How would you describe the mission of our partner in Ecuador?
FEDICE is a very hands-on organization that works hard to actively bring social justice and equity to Ecuador's indigenous and marginalized communities via economic empowerment, training in relevant and transferable skills, and community organizing. They also work primarily with women and have contributed to improvements in gender parity in partner communities.
How do you fit into their mission?
I'm helping FEDICE tell their story and bringing new ideas to the table to both deepen and grow their community, and expand their programmatic offering.
What led you to engage in this calling?
I was at a point in life where I was working too far from the impact zone. I felt compelled to make a change and be a doer rather than a talker.
Is there a passage of scripture that carries special meaning in your daily work?
What are some of the challenges facing the people of Ecuador, our partner, or yourself?
Many of Ecuador's indigenous and marginalized communities are stuck in cyclical and systemic poverty. They suffer regular injustice, inequality and residual discriminations from colonial times that manifest themselves today in the form of limited economic, political and educational opportunities. FEDICE has a fantastic model, but like most non-profits will always encounter more requests for engagement than are budgetarily possible. The hard part is prioritizing where funds go and saying no when a project can’t be done.
What is a lesson you have learned from our partner that you feel should be shared with churches in the U.S.?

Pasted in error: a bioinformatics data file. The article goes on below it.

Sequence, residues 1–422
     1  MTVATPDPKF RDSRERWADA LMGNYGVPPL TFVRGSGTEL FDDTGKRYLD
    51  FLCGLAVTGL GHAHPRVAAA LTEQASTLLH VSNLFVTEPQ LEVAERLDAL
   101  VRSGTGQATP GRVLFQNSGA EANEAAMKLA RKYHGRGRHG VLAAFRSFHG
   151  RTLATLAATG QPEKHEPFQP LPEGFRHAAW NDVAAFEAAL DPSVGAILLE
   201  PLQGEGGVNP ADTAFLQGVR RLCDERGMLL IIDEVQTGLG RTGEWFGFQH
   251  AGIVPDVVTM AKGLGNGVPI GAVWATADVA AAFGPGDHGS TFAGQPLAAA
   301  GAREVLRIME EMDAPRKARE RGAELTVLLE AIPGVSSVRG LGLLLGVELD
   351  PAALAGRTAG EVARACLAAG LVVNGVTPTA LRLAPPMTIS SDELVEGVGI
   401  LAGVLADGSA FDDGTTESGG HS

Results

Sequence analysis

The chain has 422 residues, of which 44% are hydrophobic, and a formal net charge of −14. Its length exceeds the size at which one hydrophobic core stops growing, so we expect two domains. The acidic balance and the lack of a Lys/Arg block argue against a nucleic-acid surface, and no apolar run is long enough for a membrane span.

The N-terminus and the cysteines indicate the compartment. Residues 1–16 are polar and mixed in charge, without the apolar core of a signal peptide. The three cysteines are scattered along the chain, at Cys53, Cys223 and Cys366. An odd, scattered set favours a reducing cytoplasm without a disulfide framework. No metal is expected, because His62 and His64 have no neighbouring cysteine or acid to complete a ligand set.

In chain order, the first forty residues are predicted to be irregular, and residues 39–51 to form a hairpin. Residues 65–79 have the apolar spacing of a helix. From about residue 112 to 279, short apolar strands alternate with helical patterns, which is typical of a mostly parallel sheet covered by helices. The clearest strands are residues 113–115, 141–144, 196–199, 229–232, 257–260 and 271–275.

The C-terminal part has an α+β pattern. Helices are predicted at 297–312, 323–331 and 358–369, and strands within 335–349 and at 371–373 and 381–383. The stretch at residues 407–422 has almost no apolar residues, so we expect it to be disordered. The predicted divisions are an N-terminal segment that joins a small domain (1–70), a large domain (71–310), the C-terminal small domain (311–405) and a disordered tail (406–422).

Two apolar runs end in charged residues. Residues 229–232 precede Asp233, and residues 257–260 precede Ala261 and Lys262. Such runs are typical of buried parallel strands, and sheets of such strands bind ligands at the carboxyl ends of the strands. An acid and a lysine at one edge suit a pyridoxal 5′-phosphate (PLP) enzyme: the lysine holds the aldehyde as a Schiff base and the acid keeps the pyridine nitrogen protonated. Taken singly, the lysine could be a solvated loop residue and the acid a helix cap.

It's popular to believe we are "blessed" in the U.S., because many of us have nice things, a well-paying job we enjoy, a home we've put our special touch on, a degree from a solid university, a spouse we love (and got to choose), healthy kids, etc. Travelling to Ecuador's most vulnerable communities, I have realized that these are not blessings, but privileges. It would serve us well to better examine, define and understand the differences, because we all deserve to witness and experience God's love and blessings in our lives.
The "American Dream" is not readily accessible for many people around the world for a complex and intertwined set of reasons — but believe me, there are 7 billion people out there trying to achieve it anyway and most of the time they are working harder and against greater odds than you and I can imagine. If we continue to believe that gaining material and privileges in our lives equates to God's expression of love for us, we set a dangerous precedent for continued prejudice between the world's people that undermines progress and global prosperity. Instead, I am challenging myself to keep coming back to simple and enduring words of the folk song, They'll Know We Are Christians By Our Love (and not by how many "blessings" God has granted us).
Learn more through Bethany's blog Ms. Swaggner.Find out more about our mission work in: